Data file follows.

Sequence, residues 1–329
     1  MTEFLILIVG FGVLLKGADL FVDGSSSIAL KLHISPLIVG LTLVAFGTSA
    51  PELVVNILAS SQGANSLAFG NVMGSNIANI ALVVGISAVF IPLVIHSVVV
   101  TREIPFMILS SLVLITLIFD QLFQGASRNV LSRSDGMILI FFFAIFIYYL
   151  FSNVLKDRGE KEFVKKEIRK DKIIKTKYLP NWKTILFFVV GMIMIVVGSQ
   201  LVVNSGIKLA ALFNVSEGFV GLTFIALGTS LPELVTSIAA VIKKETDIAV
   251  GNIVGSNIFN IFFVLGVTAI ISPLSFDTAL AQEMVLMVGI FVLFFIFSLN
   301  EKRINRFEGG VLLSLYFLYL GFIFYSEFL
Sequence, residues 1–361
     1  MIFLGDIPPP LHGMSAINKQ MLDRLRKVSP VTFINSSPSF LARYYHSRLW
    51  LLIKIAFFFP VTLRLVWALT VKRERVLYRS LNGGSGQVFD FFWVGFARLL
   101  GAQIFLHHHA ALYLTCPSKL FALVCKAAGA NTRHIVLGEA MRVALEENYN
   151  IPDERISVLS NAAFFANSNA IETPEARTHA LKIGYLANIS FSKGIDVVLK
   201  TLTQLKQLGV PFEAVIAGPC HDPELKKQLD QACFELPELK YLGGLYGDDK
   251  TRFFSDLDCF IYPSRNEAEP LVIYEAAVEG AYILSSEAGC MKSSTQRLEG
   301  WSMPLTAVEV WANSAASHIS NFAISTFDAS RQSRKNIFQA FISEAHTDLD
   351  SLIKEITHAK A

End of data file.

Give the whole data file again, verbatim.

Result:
Sequence, residues 1–329
     1  MTEFLILIVG FGVLLKGADL FVDGSSSIAL KLHISPLIVG LTLVAFGTSA
    51  PELVVNILAS SQGANSLAFG NVMGSNIANI ALVVGISAVF IPLVIHSVVV
   101  TREIPFMILS SLVLITLIFD QLFQGASRNV LSRSDGMILI FFFAIFIYYL
   151  FSNVLKDRGE KEFVKKEIRK DKIIKTKYLP NWKTILFFVV GMIMIVVGSQ
   201  LVVNSGIKLA ALFNVSEGFV GLTFIALGTS LPELVTSIAA VIKKETDIAV
   251  GNIVGSNIFN IFFVLGVTAI ISPLSFDTAL AQEMVLMVGI FVLFFIFSLN
   301  EKRINRFEGG VLLSLYFLYL GFIFYSEFL
Sequence, residues 1–361
     1  MIFLGDIPPP LHGMSAINKQ MLDRLRKVSP VTFINSSPSF LARYYHSRLW
    51  LLIKIAFFFP VTLRLVWALT VKRERVLYRS LNGGSGQVFD FFWVGFARLL
   101  GAQIFLHHHA ALYLTCPSKL FALVCKAAGA NTRHIVLGEA MRVALEENYN
   151  IPDERISVLS NAAFFANSNA IETPEARTHA LKIGYLANIS FSKGIDVVLK
   201  TLTQLKQLGV PFEAVIAGPC HDPELKKQLD QACFELPELK YLGGLYGDDK
   251  TRFFSDLDCF IYPSRNEAEP LVIYEAAVEG AYILSSEAGC MKSSTQRLEG
   301  WSMPLTAVEV WANSAASHIS NFAISTFDAS RQSRKNIFQA FISEAHTDLD
   351  SLIKEITHAK A